I have a manuscript with about 140 sections and a bit over 200,000 words or that I work on when I can find the time. Sometimes it is months between sessions, sometimes only days.
The problem is that I can’t always remember which sections I have considered completed and which I think still need work, so I was wondering, is there a simple way to star sections in the Binder such that I know that I have considered them to be final-draft-worthy and I need not re-read them again, like a master check list so that I can see the thing getting there at long last and focus my limited time more productively?
I work in a relatively non-sequential fashion, which makes the problem worse.
I got the idea when going through emails on Gmail and marking them as read and I thought: that is really what I need in Scrivener. If I could flag sections as, say, “done”, “close”, “far”, or something like that, that would be even cooler.
Any quick and easy way to do this with Scrivener’s current functionality such that I can see it in something like the Binder window type view? It may be there and I just missed it.
I could copy a list into something like Evernote that has a to-do list checky-box functionality and just keep that open and reference it, but I thought that something intrinsic would be better.
Thanks in advance for any help you offer,
The easiest way — the way I’ve been doing it for years, so probably a still easier one has come along — is to color-code the elements (files or folders). Ctrl-click on an element, click on Label, and select a color. (Use “edit” to add or change colors.) Then in menu item View, go to Use Label Color In and check Binder. Choose a color to indicate “complete.” That’s it. Mark each element as you complete it, and the colors will show up right away.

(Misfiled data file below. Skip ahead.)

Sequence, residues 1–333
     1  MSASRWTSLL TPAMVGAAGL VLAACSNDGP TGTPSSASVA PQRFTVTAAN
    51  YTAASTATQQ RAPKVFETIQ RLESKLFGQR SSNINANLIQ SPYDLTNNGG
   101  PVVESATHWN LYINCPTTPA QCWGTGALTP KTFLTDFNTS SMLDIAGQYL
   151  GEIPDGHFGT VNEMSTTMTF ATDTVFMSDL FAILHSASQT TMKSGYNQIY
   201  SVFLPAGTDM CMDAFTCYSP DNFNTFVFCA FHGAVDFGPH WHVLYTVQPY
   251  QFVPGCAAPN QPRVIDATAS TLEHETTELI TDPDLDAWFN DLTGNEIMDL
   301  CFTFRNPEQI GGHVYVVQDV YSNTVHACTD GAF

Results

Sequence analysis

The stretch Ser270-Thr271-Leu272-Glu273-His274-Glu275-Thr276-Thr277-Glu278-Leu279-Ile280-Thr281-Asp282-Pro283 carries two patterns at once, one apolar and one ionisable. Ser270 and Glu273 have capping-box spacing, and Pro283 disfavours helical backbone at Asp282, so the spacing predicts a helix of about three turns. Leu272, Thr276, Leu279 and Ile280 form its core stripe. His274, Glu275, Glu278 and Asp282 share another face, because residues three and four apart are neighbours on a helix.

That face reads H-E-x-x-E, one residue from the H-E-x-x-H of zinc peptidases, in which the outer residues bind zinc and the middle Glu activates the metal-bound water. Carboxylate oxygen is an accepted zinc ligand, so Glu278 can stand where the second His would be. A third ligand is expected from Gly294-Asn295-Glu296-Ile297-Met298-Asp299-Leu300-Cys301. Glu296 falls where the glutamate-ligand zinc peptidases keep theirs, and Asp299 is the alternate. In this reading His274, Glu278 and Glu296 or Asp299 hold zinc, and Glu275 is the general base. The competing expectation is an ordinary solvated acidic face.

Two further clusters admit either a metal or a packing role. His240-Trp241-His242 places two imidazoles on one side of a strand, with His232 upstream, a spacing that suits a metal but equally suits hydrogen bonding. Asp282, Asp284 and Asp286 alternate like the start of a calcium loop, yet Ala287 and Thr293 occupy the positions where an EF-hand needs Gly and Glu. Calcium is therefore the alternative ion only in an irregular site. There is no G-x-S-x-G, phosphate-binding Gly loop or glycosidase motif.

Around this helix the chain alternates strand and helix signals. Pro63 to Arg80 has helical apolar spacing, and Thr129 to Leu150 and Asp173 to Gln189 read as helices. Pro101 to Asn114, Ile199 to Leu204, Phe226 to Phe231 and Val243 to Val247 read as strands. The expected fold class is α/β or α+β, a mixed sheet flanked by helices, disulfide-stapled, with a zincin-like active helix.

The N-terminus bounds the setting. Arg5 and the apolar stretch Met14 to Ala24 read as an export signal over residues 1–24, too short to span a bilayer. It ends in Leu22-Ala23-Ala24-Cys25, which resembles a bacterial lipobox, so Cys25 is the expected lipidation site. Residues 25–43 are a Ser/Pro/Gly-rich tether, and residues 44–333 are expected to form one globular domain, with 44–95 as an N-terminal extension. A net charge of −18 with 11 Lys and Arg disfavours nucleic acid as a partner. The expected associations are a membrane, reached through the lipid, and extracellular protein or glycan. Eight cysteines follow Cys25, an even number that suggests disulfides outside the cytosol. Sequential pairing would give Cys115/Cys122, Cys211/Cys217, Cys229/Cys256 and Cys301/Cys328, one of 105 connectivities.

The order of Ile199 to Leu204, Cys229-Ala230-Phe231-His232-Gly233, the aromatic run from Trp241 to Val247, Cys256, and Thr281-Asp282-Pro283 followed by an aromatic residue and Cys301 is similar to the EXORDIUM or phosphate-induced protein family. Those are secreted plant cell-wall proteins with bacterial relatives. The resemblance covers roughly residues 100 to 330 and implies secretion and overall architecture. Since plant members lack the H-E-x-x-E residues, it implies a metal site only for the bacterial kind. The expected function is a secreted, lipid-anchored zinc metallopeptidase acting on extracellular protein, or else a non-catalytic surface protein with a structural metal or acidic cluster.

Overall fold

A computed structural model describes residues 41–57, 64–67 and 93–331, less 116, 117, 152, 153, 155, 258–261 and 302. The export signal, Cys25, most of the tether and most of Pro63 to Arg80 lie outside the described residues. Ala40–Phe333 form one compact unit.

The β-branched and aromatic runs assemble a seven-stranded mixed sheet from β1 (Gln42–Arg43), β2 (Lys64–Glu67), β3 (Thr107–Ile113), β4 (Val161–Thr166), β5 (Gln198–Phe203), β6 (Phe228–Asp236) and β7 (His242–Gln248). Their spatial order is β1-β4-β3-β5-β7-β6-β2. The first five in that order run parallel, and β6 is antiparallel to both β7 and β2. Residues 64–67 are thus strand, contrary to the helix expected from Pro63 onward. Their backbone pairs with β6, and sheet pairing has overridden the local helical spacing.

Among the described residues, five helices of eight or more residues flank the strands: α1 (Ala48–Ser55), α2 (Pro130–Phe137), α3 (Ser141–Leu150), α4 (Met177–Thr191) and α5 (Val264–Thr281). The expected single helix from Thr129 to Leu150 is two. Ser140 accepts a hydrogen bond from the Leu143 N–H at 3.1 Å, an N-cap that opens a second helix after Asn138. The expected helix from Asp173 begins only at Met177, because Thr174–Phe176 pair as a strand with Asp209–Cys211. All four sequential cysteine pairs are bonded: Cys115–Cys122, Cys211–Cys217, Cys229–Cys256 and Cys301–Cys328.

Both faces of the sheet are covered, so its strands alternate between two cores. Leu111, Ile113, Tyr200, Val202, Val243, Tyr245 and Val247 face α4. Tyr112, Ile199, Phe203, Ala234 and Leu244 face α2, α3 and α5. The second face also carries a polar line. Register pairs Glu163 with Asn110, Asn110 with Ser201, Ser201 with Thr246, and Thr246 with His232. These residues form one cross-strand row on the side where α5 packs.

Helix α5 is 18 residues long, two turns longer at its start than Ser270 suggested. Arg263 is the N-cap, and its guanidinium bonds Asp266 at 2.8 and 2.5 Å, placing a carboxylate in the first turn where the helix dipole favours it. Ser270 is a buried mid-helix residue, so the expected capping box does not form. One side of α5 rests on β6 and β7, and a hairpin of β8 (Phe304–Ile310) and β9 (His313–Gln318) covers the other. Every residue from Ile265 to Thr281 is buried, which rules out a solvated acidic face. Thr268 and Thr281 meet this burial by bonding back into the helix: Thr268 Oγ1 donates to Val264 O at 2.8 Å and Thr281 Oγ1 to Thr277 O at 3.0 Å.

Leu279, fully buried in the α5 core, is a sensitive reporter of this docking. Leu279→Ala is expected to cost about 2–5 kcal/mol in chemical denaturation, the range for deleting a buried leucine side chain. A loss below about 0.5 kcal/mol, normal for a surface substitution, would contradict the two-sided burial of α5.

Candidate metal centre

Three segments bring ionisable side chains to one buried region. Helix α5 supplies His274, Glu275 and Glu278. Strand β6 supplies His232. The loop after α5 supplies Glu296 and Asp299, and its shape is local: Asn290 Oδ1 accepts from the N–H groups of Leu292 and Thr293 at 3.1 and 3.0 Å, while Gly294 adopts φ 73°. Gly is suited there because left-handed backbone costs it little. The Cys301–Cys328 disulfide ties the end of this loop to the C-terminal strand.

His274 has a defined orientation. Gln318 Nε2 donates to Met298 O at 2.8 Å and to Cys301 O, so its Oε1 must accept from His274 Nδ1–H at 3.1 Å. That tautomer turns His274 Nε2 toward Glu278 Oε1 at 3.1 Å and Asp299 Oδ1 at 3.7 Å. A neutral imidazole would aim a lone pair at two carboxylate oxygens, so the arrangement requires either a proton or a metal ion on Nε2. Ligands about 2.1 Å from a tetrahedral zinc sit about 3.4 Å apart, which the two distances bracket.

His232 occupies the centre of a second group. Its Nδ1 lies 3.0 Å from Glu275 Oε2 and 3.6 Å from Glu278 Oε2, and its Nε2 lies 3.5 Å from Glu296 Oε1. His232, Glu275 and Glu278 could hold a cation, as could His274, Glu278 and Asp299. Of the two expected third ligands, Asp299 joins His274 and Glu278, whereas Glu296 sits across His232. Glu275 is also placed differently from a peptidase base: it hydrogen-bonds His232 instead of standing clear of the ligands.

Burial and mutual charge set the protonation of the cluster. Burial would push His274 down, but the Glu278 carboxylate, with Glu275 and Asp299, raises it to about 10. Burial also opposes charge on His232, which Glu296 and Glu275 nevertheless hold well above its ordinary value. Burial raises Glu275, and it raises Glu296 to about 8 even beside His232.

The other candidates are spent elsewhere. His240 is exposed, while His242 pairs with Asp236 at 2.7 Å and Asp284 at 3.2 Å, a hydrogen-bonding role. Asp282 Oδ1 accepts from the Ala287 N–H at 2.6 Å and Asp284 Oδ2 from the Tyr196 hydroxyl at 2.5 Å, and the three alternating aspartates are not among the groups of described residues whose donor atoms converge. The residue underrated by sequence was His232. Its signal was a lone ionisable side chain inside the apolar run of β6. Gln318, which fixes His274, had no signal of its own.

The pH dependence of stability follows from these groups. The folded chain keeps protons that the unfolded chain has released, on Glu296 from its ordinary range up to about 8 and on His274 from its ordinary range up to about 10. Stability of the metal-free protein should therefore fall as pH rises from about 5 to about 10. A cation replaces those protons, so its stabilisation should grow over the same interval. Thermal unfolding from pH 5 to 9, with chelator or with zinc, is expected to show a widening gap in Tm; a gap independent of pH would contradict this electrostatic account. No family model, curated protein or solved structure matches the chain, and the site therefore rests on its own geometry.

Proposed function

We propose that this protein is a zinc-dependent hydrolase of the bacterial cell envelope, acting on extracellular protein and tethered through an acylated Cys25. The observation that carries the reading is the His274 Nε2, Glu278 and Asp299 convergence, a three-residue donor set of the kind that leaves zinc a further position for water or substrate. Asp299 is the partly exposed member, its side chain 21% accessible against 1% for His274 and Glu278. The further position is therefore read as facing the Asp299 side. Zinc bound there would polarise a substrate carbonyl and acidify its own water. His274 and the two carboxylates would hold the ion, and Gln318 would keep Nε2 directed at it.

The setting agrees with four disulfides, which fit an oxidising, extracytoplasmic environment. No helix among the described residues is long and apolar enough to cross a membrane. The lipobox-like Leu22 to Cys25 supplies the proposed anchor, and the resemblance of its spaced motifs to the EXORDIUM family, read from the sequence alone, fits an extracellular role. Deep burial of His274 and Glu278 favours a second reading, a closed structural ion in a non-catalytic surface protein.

You can also toss in other colors, to indicate different stages of completion. Or to indicate geography or weather or whatever you like.
As I said, that’s how I’ve been doing it for a long time. Others will suggest half a dozen other ways, I’m sure.
Ok! Wow, there are all sorts of flags and things there! Got it!
Also note the “Status” field, which alongside the Label is one of the more prominent markers. You can show status on the index card as a “stamp” across the face of the card, or as a column in the Outliner. It’s not quite as visible as Label, since that can be used to tint various components of the UI, but as you can see from the stock list, Status is definitely intended to be used as your marker for section progress. There is something satisfying about stamping “Done” across the face of an index card.
Actually that is the contextual menu for changing the ICONS, not attaching a LABELS. And I do think labeling is probably better for your purpose – and labels are more deeply integrated into Scrivener in useful ways – for example, you can search on label names and make smart collections based on them, and compile based on them (whereas alt icons are purely visual, afaik).
To get the label menu control-click on the TITLE of the doc in the binder. Label menu is also avail in the Inspector.
There are settings in Scriv for whether Label colors are reflected in binder items and how the do. I like it set just to tint the icons – tinting the whole line in the binder quickly gets visually very noisy.
Notice also that you can customize you Labels in term of color and name as well as add your own. If it is sometimes a long time between sessions, you might in particular want to rename the label colors you are using to a name that is meaningful for your useage if it.
Fellow Scrivener user who just loves Labels!
It depends on where you right-click. If you do so on the icon itself you’ll get the icon menu, otherwise you’ll get the general purpose contextual menu. We’ll be changing that in the future as it has caused a bit of confusion.
I would say that icons can still be a good method for marking things done. It’s about as much clicking, and the result is very obvious. It leaves labels and status free for tracking other aspects of the book, too. There are many ways one can do this though—you could even dump everything you need to work on into a Collection and remove them one-by-one from that as you work. That is in fact what I most often do myself. I just make a Collection called “Fix Screenshots” or something, and remove sections as they are fixed.